11.6 sy, 0.8 us,

In my example, we took over 1326 samples, and the above shows the top 10 user CPU and sys CPU, and both of them peaked around 10-11%, so it seems this job is not CPU bound at all.

  • Next looking for IO wait, and we see that the top 10 ‘cpu wa’ (cpu waiting for IO) entries are all zero:
head -2 logs/vmstat.20190201154336.txt | tail -1 | awk '{print $16}';  (for f in logs/vmstat*; do tail -1 $f; done) | awk '{print $16}' | sort | tail -10
wa
0
0
0
0
0
0
0
0
0
0

This is surprisingly low IO wait, so I’m checking for IO wait in the top output, and I also see there is almost no IO wait:

grep '%Cpu' logs/topOutput.* | awk -F',' '{ print $5}' | sort -n | tail -10
  0.0 wa
  0.0 wa
  0.0 wa
  0.0 wa
  0.0 wa
  0.0 wa
  0.0 wa
  0.0 wa
  0.8 wa
  0.8 wa

Hence I see no evidence of IO wait.

  • Checking if we were low on RAM during the build, I see no evidence of this at all:
grep 'MiB Mem' logs/topOutput.* | awk -F',' '{print $2}' | sort -n | head -10
   3795.5 free
   3796.1 free
   3796.6 free
   3796.7 free
   3796.9 free
   3797.2 free
   3797.4 free
   3797.8 free
   3798.0 free
   3798.0 free

For more analysis of Linux RAM usage, we need to look at the buff/cache ram as well, which I did not go into since there was enough free at this point. For more details please see https://www.linuxatemyram.com/ .

Steps

A couple of options here:

Pipeline Steps

The Pipeline Steps option in the left hand side of a build menu brings a list with times per step.

Timestamper

The Timestamper plugin elapsed time mode helps you to identify the most time-consuming steps.

timestamper elapsed time

Then look through the build log to look for when there are large gaps in the build log timings, and focus on the parts that took a long time:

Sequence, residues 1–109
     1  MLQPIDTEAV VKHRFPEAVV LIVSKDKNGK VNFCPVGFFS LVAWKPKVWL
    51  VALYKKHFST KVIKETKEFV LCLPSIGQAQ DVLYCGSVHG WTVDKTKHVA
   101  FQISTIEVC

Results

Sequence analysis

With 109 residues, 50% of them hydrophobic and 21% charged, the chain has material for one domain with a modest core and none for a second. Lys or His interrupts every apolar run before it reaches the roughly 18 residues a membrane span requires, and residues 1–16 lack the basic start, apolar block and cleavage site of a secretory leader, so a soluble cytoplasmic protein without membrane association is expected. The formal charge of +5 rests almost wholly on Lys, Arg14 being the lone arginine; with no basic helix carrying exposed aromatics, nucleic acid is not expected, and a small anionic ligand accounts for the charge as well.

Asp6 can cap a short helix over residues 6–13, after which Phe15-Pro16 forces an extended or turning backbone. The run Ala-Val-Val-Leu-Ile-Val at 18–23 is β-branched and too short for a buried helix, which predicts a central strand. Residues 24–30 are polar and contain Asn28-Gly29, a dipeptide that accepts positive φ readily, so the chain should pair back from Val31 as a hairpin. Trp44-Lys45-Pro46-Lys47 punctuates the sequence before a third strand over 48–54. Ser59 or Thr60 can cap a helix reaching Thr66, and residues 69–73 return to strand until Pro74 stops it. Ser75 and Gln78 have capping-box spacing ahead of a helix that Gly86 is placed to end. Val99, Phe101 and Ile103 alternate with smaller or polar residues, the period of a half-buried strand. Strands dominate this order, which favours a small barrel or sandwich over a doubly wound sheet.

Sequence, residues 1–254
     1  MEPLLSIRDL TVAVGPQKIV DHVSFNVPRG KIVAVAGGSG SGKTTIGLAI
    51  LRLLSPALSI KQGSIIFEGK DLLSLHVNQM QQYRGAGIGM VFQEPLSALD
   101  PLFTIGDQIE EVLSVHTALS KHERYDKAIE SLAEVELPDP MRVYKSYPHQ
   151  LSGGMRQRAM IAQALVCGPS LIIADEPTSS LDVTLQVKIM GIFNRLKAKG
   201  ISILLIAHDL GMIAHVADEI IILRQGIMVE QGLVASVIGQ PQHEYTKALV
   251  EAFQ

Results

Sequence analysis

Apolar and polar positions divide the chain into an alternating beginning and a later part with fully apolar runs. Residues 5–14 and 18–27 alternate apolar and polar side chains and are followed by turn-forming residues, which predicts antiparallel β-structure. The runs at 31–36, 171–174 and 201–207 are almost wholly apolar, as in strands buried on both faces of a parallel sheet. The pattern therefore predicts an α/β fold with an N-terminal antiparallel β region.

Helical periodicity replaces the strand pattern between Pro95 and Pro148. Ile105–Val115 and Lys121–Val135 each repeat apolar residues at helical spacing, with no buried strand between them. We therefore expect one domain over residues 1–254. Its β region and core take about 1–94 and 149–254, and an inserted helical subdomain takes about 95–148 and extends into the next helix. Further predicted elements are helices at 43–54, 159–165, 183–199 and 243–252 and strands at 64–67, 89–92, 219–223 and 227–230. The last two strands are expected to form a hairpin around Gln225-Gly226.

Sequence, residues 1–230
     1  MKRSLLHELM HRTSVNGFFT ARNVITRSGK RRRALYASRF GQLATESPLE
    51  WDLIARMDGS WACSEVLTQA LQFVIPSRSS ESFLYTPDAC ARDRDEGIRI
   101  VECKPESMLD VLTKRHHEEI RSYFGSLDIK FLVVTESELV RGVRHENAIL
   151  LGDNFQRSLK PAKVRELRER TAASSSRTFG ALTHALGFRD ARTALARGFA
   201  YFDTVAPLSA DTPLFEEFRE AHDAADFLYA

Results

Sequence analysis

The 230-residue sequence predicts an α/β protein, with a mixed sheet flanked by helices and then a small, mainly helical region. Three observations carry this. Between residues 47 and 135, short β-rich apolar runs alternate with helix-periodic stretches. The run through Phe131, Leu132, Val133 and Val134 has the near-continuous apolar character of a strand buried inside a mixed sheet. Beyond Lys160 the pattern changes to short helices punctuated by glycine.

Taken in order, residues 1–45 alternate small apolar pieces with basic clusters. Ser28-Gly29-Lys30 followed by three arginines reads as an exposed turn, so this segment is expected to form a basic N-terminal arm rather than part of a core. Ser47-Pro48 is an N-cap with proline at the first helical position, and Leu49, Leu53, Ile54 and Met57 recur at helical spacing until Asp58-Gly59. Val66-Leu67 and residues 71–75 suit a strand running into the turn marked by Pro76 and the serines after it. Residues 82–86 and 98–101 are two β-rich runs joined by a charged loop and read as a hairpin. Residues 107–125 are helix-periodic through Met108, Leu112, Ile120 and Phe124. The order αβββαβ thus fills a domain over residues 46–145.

timestamper build log review

Addtionally, you can sort the build steps by their times by importing the console output as *.CSV into a spreadsheet

  • Use delimiter to split the Elapse Time from the EVENT (e.g.])
Elapse TimeEVENT
00:00:16.158mha:////4KP/4Pf+epvfkRScTh/Od/EhPv9bp+DJvtREVK8n7tRzAAAAm +LCAAAAAAAAP9b85aBtbiIQTGjNKU4P08vOT+vOD8nVc83PyU1x6OyILUoJzMv2y+
00:00:00.15> git rev-parse –is-inside-work-tree # timeout=10
00:00:00Setting origin to ssh://git@example.com:7999/my-repos/my-projects.git
00:01:52.76> Task :compileKotlin
  • After that, sort the table by the Elapse Time:
Elapse TimeEVENT
00:01:52.76> Task :compileKotlin
00:01:22.82[8mha:////4K5xCkOsmh9+gnIwabjnTGF4g/TnT1Q8ptTnVrhxTZdEAAAAqB+LCAAAAAAAAP9tjTEOwjAUQ3+LOrAycohUYoABMXWNsnCC0ISQNvq/
00:01:08.57+ npm i

Alternatively, you could calculate the elapsed time from timestamp as follows

  • Clean up the timestamp to get only the time for the event (T1)
  • Duplicate the time column and copy its value into a new column T2 but shifting up the first time record, in other words adding the starting time for the next event.
T1 (this)T2 (next)T2-T1TIMESTAMPEVENT
18:56:19.35818:56:35.50800:00:16.152021-02-15T18:56:19.358Z8mha:////4KP/4Pf+epvfkRScTh/Od/EhPv9bp+DJvtREVK8n7tRzAAAAm +LCAAAAAAAAP9b85aBtbiIQTGjNKU4P08vOT+vOD8nVc83PyU1x6OyILUoJzMv2y+
18:56:35.50818:56:35.66200:00:00.152021-02-15T18:56:35.508Z> git rev-parse –is-inside-work-tree # timeout=10
18:56:35.5118:56:35.66200:00:002021-02-15T18:56:35.662ZSetting origin to ssh://git@example.com:7999/my-repos/my-projects.git
19:03:43.09419:05:35.85300:01:52.762021-02-15T19:03:43.094Z> Task :compileKotlin